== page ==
But it may not be impossible. One often-mentioned way to test whether space-time is made of discrete constituents is to look for delays as high-energy photons travel to Earth from distant cosmic events such as supernovae and γ-ray bursts. In effect, the shortest-wavelength photons would sense the discreteness as a subtle bumpiness in the road they had to travel, which would slow them down ever so slightly. Giovanni Amelino-Camelia, a quantum-gravity researcher at the University of Rome, and his colleagues have found hints of just such delays in the photons from a γ-ray burst recorded in April. The results are not definitive, says Amelino-Camelia, but the group plans to expand its search to look at the travel times of high-energy neutrinos produced by cosmic events. He says that if theories cannot be tested, “then to me, they are not science. They are just religious beliefs, and they hold no interest for me.”
Other physicists are looking at laboratory tests. In 2012, for example, researchers from the University of Vienna and Imperial College London proposed a tabletop experiment in which a microscopic mirror would be moved around with lasers. They argued that Planck-scale granularities in space-time would produce detectable changes in the light reflected from the mirror (see Nature; 2012).
Loop quantum gravity
Even if it is correct, the thermodynamic approach says nothing about what the fundamental constituents of space and time might be. If space-time is a fabric, so to speak, then what are its threads?
One possible answer is quite literal. The theory of loop quantum gravity, which has been under development since the mid-1980s by Ashtekar and others, describes the fabric of space-time as an evolving spider's web of strands that carry information about the quantized areas and volumes of the regions they pass through. The individual strands of the web must eventually join their ends to form loops — hence the theory's name — but have nothing to do with the much better-known strings of string theory. The latter move around in space-time, whereas strands actually are space-time: the information they carry defines the shape of the space-time fabric in their vicinity.
Because the loops are quantum objects, however, they also define a minimum unit of area in much the same way that ordinary quantum mechanics defines a minimum ground-state energy for an electron in a hydrogen atom. This quantum of area is a patch roughly one Planck scale on a side. Try to insert an extra strand that carries less area, and it will simply disconnect from the rest of the web. It will not be able to link to anything else, and will effectively drop out of space-time.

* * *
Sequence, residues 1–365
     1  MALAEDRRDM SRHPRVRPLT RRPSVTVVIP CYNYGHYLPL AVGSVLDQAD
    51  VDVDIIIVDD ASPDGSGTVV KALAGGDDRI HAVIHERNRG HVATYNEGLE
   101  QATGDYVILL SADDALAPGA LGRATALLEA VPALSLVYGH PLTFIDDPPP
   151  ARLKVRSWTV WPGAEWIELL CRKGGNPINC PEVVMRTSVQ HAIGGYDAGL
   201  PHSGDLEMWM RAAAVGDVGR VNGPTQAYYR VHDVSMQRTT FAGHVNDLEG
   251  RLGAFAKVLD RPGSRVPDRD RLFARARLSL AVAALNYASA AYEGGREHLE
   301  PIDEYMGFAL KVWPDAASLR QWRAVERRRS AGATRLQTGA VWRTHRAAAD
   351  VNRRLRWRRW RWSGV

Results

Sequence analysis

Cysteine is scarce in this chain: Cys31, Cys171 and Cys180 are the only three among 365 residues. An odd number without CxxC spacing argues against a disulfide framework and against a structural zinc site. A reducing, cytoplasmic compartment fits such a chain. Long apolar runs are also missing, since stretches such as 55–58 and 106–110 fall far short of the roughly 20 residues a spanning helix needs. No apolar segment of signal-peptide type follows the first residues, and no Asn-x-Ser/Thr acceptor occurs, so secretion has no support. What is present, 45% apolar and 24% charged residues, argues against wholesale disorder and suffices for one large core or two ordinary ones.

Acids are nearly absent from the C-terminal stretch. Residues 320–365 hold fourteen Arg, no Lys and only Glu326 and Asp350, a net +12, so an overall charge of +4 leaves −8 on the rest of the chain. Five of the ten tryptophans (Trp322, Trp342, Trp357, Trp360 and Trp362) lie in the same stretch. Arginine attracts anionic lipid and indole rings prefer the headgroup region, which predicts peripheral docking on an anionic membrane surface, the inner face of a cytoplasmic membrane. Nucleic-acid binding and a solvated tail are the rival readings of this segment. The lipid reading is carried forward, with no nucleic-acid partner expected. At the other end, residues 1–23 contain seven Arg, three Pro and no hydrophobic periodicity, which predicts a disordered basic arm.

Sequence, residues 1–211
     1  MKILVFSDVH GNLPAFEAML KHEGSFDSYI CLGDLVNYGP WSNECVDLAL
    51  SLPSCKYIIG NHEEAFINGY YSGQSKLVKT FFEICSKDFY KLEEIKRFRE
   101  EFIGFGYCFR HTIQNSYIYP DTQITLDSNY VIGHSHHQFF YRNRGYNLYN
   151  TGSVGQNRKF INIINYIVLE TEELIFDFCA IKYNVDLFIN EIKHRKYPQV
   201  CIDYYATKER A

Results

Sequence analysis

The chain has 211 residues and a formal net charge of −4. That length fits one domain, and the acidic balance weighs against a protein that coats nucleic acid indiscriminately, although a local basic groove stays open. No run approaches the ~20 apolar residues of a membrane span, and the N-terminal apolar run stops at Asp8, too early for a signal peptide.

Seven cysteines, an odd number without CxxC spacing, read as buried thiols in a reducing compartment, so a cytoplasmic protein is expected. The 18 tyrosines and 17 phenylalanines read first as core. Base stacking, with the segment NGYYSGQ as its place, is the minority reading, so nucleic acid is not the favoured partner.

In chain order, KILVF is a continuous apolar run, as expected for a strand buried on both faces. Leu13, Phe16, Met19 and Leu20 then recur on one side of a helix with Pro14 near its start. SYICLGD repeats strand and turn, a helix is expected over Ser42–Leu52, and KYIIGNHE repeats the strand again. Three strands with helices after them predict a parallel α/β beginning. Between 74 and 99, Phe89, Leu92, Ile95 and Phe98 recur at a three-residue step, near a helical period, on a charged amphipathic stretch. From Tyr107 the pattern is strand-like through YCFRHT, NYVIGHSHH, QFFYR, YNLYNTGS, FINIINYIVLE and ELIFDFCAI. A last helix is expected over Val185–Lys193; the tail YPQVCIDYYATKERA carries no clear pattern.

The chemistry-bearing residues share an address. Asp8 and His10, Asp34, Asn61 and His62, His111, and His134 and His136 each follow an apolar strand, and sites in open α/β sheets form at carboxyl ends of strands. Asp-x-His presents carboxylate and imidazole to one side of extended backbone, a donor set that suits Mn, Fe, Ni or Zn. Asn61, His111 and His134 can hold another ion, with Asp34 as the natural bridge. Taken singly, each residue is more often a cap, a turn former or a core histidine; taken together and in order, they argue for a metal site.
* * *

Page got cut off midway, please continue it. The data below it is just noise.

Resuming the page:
One welcome consequence of a minimum area is that loop quantum gravity cannot squeeze an infinite amount of curvature onto an infinitesimal point. This means that it cannot produce the kind of singularities that cause Einstein's equations of general relativity to break down at the instant of the Big Bang and at the centres of black holes.
In 2006, Ashtekar and his colleagues reported a series of simulations that took advantage of that fact, using the loop quantum gravity version of Einstein's equations to run the clock backwards and visualize what happened before the Big Bang. The reversed cosmos contracted towards the Big Bang, as expected. But as it approached the fundamental size limit dictated by loop quantum gravity, a repulsive force kicked in and kept the singularity open, turning it into a tunnel to a cosmos that preceded our own.
This year, physicists Rodolfo Gambini at the Uruguayan University of the Republic in Montevideo and Jorge Pullin at Louisiana State University in Baton Rouge reported a similar simulation for a black hole. They found that an observer travelling deep into the heart of a black hole would encounter not a singularity, but a thin space-time tunnel leading to another part of space. “Getting rid of the singularity problem is a significant achievement,” says Ashtekar, who is working with other researchers to identify signatures that would have been left by a bounce, rather than a bang, on the cosmic microwave background — the radiation left over from the Universe's massive expansion in its infant moments.
Loop quantum gravity is not a complete unified theory, because it does not include any other forces. Furthermore, physicists have yet to show how ordinary space-time would emerge from such a web of information. But Daniele Oriti, a physicist at the Max Planck Institute for Gravitational Physics in Golm, Germany, is hoping to find inspiration in the work of condensed-matter physicists, who have produced exotic phases of matter that undergo transitions described by quantum field theory. Oriti and his colleagues are searching for formulae to describe how the Universe might similarly change phase, transitioning from a set of discrete loops to a smooth and continuous space-time. “It is early days and our job is hard because we are fishes swimming in the fluid at the same time as trying to understand it,” says Oriti.